(I used the same approach as for the 20 No-Sugar Days Challenge, you can read about this challenge here).

I admitted my addiction

I couldn’t manage cigarettes. If I smoked one cigarette I would smoke more and more.

I accepted my desire, the urges, the cravings for smoking. I didn’t fight them. I simply chose not to smoke. I could do it, but I aimed for a bigger goal. I chose to quit smoking.

I didn’t fight the urges, I accepted the cravings, I allowed myslef to smoke but I chose to quit smoking

When you choose not to smoke, you trade the few seconds of pleasure of smoking a cigarette for days, months and years of not smoking ever again. I’ve chosen freedom, better breathing, more energy, less wasted money, over one more cigarette.

The first week was hard. Every time I felt the urge to smoke, I had to take a moment, sit down, and remind myself of what I was doing and why. I let the cravings flow through me but chose not to give in, even if I was desperate for a smoke. I would breathe deeply and slowly and, after a few minutes, the cravings passed.

I said to myself “Don’t give up! You’re aiming for the biggest goal of your life! You have quit smoking, and you will never smoke again.”

Whenever I had any cravings, I tried to distract myself and especially tried to use all the energy produced by my anxiety into things like cleaning, working, reading, or sometimes eating. Anything I did was better than smoking.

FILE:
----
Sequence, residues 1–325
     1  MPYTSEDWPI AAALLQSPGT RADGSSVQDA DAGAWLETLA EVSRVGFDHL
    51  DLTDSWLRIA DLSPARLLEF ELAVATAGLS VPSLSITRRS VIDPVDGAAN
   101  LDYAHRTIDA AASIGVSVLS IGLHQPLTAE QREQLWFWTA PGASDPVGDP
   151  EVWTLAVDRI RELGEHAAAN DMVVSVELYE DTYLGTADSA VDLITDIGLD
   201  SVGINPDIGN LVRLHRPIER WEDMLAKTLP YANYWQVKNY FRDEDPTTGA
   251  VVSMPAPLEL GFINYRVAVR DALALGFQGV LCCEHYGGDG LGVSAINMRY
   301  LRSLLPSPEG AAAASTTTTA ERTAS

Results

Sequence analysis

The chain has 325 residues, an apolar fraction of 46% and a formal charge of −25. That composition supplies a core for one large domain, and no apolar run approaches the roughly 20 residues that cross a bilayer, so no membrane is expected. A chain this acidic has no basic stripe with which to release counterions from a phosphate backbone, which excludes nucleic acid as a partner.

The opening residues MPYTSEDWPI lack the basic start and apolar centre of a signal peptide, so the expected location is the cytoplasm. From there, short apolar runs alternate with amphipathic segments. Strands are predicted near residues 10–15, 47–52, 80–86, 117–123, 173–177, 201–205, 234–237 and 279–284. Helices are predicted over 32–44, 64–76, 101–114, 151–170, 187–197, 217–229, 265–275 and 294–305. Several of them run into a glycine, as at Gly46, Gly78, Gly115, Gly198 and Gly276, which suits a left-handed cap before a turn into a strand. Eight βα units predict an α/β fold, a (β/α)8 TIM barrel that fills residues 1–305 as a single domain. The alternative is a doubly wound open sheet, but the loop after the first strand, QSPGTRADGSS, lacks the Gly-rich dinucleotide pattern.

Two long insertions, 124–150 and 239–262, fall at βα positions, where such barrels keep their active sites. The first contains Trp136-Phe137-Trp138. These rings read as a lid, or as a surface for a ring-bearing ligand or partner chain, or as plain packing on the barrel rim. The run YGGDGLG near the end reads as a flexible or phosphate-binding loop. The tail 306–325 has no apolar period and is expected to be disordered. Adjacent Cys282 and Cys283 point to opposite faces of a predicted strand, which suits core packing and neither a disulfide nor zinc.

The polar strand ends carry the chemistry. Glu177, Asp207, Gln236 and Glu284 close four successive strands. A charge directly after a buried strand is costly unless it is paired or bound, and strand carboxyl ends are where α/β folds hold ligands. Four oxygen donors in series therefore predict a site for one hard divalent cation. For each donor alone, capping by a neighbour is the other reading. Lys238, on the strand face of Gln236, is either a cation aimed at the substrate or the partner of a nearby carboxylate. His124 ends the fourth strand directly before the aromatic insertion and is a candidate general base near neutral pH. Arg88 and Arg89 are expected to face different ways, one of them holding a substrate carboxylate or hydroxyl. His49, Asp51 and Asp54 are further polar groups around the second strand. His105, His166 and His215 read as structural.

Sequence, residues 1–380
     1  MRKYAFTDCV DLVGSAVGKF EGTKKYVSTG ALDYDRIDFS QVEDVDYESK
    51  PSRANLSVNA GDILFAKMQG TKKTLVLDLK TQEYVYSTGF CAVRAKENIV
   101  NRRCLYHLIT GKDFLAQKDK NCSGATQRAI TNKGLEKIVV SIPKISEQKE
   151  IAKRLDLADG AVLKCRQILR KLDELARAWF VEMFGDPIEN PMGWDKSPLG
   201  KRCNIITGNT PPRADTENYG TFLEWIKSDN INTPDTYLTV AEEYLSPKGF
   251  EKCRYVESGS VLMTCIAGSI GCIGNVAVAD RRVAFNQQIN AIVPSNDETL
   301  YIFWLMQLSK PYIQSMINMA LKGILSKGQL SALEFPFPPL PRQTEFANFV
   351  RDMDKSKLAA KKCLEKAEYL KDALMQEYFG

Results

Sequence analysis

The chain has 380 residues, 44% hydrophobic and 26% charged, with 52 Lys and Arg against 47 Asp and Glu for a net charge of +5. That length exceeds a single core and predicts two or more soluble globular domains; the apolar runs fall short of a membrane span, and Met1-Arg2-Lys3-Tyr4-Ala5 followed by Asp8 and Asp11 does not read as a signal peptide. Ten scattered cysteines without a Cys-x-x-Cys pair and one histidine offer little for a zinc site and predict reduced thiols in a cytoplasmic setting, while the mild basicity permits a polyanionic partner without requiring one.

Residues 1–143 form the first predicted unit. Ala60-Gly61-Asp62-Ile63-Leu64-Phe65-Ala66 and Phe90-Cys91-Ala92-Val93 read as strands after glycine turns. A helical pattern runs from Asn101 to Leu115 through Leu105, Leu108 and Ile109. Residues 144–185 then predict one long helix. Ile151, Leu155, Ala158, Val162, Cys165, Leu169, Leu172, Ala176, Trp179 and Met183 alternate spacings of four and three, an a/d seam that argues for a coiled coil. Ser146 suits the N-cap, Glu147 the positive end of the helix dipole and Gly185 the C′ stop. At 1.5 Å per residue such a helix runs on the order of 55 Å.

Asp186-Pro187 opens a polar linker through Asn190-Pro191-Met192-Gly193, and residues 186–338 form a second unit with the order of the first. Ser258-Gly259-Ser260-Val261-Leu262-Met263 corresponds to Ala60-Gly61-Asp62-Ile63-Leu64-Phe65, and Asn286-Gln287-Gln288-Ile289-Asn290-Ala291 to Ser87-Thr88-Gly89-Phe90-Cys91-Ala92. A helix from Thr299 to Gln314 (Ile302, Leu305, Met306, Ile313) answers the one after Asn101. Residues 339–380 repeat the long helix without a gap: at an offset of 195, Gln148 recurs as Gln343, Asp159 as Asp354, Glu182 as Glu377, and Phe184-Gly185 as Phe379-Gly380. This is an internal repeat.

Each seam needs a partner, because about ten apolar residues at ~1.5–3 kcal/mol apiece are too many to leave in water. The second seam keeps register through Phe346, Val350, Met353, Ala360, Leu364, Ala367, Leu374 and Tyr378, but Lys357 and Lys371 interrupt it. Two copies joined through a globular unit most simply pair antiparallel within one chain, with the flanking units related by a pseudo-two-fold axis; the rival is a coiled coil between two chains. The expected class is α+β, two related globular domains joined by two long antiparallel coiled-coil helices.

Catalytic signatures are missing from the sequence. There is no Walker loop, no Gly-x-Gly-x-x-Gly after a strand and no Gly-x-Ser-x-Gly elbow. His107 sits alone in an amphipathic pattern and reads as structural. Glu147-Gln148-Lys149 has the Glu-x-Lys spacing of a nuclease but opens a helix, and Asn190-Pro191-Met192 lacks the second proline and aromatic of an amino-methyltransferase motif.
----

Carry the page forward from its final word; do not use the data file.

I repeated to myself “These are hard times, but easier and better times will come.”

“These are hard moments, but easier and better times will come.”

I started a Journal

During these tough moments, I made a journal. I wrote about my feelings, the struggling, anxiety, and all the other emotions I felt. When writing, I released the pressure and understood better what I was going through. It was like self-guided therapy.

Writing has always been an effective form of meditation for me. Writing allows me to reduce the speed of my thoughts, and that helps me to better understand what is going on.